Keeping Blogs Alive: How to Do It?

I moderated a live Poynter chat last week with New York University professor and PressThink blogger Jay Rosen about how to teach blogging and how to have a successful blog. There are a lot of valuable lessons in the chat, which you can replay here. We had so many questions from participants that we’re hosting a second live chat with Jay on Thursday at 1 p.m. EDT.

Speaking of blogging, I read an interesting New York Times story today about what happens when the thrill of blogging dies. I always wanted to write a story about this, but alas the Times beat me to it. It would still make for an interesting story, though, to take a look at the blogs in your local community and see which ones are defunct and which ones are thriving. I’m amazed by how alive and thriving some local Tampa Bay neighborhood blogs are.

Even still, I’m sure there are plenty that are defunct. The Times reported that, “According to a 2008 survey by Technorati, which runs a search engine for blogs, only 7.4 million out of the 133 million blogs the company tracks had been updated in the past 120 days. That translates to 95 percent of blogs being essentially abandoned, left to lie fallow on the Web, where they become public remnants of a dream — or at least an ambition — unfulfilled.”

Tear. I make it a point to blog at least a few times a week. I like to think that I have regular readers, small as my audience might be, so in many ways I feel as though I’d be letting my readers down if I were to just let my blog die. On a more personal level, blogging gives me an outlet for communicating with others in a public forum, a chance to share my stories and experiences, and a way to stay in the habit of writing on a regular basis.

Published by Mallary Tenore Tarpley

Mallary is a mom of two young kiddos -- Madelyn and Tucker. Mallary absolutely loves being a mom and often writes about the need to find harmony when juggling motherhood and work. Mallary is the Assistant Director of the Knight Center for Journalism in the Americas at the University of Texas at Austin, where she manages the Center's various programs related to distance learning, freedom of expression, and digital journalism. Previously, she was Executive Director of Images & Voices of Hope and Managing Editor of The Poynter Institute’s media news site, Poynter.org. Mallary grew up outside of Boston and graduated from Providence College in Rhode Island. In 2015, she received a certificate in nonprofit management from Duke University. She now lives in beautiful Austin, Texas, with her kids, husband Troy and cat Clara. She's working on a memoir, slowly but surely. You can reach her at mjtenore@gmail.com.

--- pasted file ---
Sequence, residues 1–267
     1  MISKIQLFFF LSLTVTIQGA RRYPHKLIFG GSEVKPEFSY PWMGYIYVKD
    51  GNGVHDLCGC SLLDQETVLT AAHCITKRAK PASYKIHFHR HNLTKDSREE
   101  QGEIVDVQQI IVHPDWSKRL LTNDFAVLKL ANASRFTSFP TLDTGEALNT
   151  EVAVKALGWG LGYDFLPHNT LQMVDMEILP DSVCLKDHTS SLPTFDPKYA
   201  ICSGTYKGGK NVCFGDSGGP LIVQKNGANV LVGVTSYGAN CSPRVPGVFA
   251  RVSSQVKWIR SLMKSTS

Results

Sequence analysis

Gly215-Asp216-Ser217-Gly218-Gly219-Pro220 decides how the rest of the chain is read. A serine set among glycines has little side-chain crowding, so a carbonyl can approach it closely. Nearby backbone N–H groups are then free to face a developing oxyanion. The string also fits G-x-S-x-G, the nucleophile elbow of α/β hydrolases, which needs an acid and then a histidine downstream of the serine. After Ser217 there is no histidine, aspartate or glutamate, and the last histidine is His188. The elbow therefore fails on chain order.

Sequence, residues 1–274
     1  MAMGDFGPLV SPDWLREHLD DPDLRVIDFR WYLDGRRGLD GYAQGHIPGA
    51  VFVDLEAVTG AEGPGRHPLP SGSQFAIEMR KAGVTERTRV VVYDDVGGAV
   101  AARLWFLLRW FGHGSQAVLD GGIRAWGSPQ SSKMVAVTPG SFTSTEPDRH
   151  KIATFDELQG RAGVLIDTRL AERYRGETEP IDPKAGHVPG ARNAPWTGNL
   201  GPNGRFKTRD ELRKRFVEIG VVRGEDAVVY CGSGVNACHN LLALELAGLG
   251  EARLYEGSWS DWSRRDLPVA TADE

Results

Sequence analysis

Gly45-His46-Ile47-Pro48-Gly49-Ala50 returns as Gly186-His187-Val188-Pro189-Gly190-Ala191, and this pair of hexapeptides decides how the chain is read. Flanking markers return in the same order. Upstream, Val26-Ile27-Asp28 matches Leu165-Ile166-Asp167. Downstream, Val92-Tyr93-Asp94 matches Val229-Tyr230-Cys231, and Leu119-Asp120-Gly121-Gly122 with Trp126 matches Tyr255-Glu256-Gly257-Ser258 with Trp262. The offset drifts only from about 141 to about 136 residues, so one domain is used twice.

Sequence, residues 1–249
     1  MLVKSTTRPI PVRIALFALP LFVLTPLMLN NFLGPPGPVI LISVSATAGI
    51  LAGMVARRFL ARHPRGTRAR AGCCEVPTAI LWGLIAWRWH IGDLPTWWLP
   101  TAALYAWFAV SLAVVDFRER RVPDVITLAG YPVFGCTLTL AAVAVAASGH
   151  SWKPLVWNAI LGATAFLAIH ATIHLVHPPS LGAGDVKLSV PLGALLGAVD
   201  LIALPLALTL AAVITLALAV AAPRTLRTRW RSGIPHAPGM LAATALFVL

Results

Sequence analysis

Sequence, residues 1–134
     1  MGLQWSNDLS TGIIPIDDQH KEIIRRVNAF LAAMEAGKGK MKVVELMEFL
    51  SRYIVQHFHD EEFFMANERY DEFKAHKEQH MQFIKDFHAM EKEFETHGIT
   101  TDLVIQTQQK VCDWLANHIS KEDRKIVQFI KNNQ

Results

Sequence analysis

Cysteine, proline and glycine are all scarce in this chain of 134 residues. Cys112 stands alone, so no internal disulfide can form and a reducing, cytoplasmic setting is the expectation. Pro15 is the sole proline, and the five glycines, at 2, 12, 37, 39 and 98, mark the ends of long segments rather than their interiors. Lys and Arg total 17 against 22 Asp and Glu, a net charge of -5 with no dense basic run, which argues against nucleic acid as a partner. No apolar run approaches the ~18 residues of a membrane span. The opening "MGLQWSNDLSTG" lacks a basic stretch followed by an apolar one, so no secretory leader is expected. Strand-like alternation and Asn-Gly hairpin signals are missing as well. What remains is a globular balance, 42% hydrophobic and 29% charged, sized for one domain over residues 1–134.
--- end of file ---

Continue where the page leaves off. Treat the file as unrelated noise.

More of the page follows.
2 thoughts on “Keeping Blogs Alive: How to Do It?

  1. I read that article this morning and thought how well it would have gone with another one about what happens to the audience when a blogger goes off the grid. I’ve seen a couple examples where readers have been understanding, yet upset. They do miss reading stuff they’ve been so accustomed to!

    1. That is so true! That would make for a great follow-up story. … It’s pretty easy to lose readers quickly if you stop updating your blog. The trick is to train them to come back regularly, to make it part of their daily or weekly routine.

      Reading a blog you like only to find out that the person behind it has stopped updating it is similar to when you find a product you really like, and you buy it for years, and then all of a sudden it gets discontinued. You don’t want your blog to all of a sudden just be gone!

Leave a Reply

Fill in your details below or click an icon to log in:

WordPress.com Logo

You are commenting using your WordPress.com account. Log Out /  Change )

Google photo

You are commenting using your Google account. Log Out /  Change )

Twitter picture

You are commenting using your Twitter account. Log Out /  Change )

Facebook photo

You are commenting using your Facebook account. Log Out /  Change )

Connecting to %s

%d bloggers like this: